What's in this Area?
Cristo is a fairly wide snow gully, and is not particularly technical to ski. That said, it is steep enough to demand advanced ski abilities.
Cristo is rated D8 or D9 depending on snow conditions. For information on the D rating system, see here: http://www.wildsnow.com/articles/ratings/ski-board-d-rating-system.html
In good snow conditions, Cristo can be skied right off the summit. Depending on snowpack, there may or may not be a few rocky patches to navigate. The gully has a few rollovers, the steepest reaching 40-45 degrees. The slope has a double fall-line, and is generally a bit mellower if you stay towards the skier's right side. While not a true no-fall zone, the double fall-line nature also means that a sliding fall in the couloir could be dangerous.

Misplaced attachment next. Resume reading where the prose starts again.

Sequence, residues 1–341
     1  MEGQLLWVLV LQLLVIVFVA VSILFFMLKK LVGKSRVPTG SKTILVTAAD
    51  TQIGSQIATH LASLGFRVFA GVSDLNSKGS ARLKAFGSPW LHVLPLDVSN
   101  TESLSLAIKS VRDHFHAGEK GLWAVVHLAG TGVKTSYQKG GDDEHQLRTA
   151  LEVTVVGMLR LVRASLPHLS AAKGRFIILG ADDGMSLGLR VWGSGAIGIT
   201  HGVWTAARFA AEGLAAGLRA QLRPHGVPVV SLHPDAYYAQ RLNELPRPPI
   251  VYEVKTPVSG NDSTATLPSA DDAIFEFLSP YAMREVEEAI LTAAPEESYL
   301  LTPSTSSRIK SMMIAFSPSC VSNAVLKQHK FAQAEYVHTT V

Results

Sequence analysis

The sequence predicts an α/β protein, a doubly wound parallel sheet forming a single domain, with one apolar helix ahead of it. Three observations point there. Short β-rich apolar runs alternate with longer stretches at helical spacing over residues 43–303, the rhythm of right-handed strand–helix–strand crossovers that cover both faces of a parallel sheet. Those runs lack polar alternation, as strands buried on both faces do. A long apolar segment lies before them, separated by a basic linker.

Cristo Couloir is a very large avalanche path and has claimed it's share of victims. As such, this route is recommended as a spring descent in times of good stability only. Also, whether you're driving or skinning up Blue Lakes Road, be aware that several major avalanche paths threaten the road near the dam.[more]
Argentina is a big place, with a lot of skiing opportunities. There are ski areas, as well as backcountry 'refugios' that are similar to the hut systems we have in the United States. These refugios often have stoves, cooking supplies, and beds, but you must supply your own food and sleeping bags. The terrain is varied, but generally trending towards bigger lines with steeper aspects.
How to Get There
Bariloche is a superb location for starting your South American backcountry ski trip. Transportation to and from there is relatively easy, and you can find guides, maps, and gear in town. You will want to secure your own transportation, and it will be helpful if you come with your gear.